Schools require incentives to alter their status: John Patten has not been able to give the cash promises that would make opting out irresistible. Donald MacLeod and Judith Judd report

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The Independent Online
APPLICATIONS FOR grant maintained status from two Nottinghamshire comprehensives will soon land on John Patten's desk. Is this proof that opting-out is gathering strength even in Labour-controlled areas and that the Secretary of State for Education is within sight of his proclaimed target of 1,500 grant maintained schools by April 1994?

Given that the majorities in the ballots in question were two votes at George Spencer School and four at Greenwood Dale School, Mr Patten should perhaps feel a twinge of nervousness about hitting his target. The mass of parents, it would seem, remain to be convinced. The opting-out bandwagon, for long poised to roll, is still requiring a lot of pushing and shoving from ministers.

Schools were said to be waiting for the general election result to sign up for grant maintained status, but the rush did not happen. In Bedfordshire, for instance, schools discussed opting out en masse. In the event only one out of five secondaries voted yes and eight did not get as far as a ballot.

The ballots continue in England and Wales - no Scottish schools have opted out - and a large majority of them support grant maintained status (eight out of ten, with 584 ballots in favour so far). But opting out remains concentrated in a relatively small number of mainly Tory areas.

However, the grant maintained option has given schools a powerful weapon for extracting money from local authorities, or curbing plans for closure. Headteachers hardly have to make the threat to opt out explicit.

Combined with the delegation of budgets to schools, based on pupil numbers rather than the local authorities' own priorities, this has meant a transfer of funding from inner city schools to the suburbs. If parents and headteachers can get what they want without opting out, why bother to make the leap?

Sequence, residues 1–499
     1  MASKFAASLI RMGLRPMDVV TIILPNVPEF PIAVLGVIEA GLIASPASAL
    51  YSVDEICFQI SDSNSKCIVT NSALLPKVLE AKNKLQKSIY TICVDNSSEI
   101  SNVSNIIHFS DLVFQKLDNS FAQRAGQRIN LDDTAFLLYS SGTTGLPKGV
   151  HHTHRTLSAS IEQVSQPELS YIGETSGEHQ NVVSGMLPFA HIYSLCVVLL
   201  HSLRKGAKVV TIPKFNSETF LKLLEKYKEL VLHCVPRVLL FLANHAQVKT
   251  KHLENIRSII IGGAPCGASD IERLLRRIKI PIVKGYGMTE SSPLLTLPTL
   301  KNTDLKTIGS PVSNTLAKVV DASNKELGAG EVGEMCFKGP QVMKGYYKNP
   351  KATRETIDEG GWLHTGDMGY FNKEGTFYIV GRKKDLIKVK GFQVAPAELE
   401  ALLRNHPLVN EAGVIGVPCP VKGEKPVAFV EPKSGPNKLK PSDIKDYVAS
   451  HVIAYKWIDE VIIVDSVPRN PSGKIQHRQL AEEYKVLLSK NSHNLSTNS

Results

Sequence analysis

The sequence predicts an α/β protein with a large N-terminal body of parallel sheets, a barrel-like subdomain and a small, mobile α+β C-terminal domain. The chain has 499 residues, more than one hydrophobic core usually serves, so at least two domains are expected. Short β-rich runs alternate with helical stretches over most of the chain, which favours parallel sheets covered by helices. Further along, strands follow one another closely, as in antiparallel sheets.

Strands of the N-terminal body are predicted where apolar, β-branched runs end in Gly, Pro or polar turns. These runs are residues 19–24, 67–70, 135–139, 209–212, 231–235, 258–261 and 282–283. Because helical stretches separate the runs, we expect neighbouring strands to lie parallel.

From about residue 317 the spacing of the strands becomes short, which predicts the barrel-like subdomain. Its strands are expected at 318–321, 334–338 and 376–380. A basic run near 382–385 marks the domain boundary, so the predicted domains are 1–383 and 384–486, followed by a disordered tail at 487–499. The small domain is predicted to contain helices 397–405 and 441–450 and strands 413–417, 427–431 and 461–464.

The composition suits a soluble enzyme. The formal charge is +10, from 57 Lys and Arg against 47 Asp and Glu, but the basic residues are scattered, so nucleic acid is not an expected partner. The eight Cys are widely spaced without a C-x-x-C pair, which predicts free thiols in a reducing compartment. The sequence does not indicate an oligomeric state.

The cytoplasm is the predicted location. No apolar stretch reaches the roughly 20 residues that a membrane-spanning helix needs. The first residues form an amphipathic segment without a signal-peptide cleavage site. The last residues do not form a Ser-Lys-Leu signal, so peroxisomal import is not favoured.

The enthusiasts for the idea among headteachers and governors have already achieved grant maintained status. What counts now is cash.

For instance at Chellaston School, near Derby, which became grant maintained on 1 January, the headteacher, Howell Thomas, said: 'It was done purely for financial reasons in desperation with the official budget of the local education authority.'

Mr Thomas said that neighbouring schools received up to pounds 800 more per pupil because they were in areas of social deprivation while Chellaston was faced with cutting funding for staff and books. Parents at the oversubscribed school voted 87 per cent in favour of opting out.

But in most cases the financial advantage is not so clear cut. Increased financial pressure on local authorities may provoke more schools to opt out. Mr Patten, however, is hemmed in by the Treasury's reluctance to offer financial incentives to a growing number of opted-out schools; he has not been able to promise the financial carrots that would probably make the difference.

Local authorities point out, however, that though this may be true in the first year, once a group of schools has opted out, the Government will control funding and will force down cash for schools to any level that it wants. There is no mention in a discussion paper on how opted out schools will be funded, issued just before Christmas, of the Government's intention to increase money to opted out schools in local authorities like Birmingham, where the council spends less than government guidelines suggest.

Mr Patten has said that no school will lose out in relation to neighbouring schools by opting out. But the discussion paper could not give schools the minimum promise they seek: that the cash advantages enjoyed by the first schools to opt out will continue.

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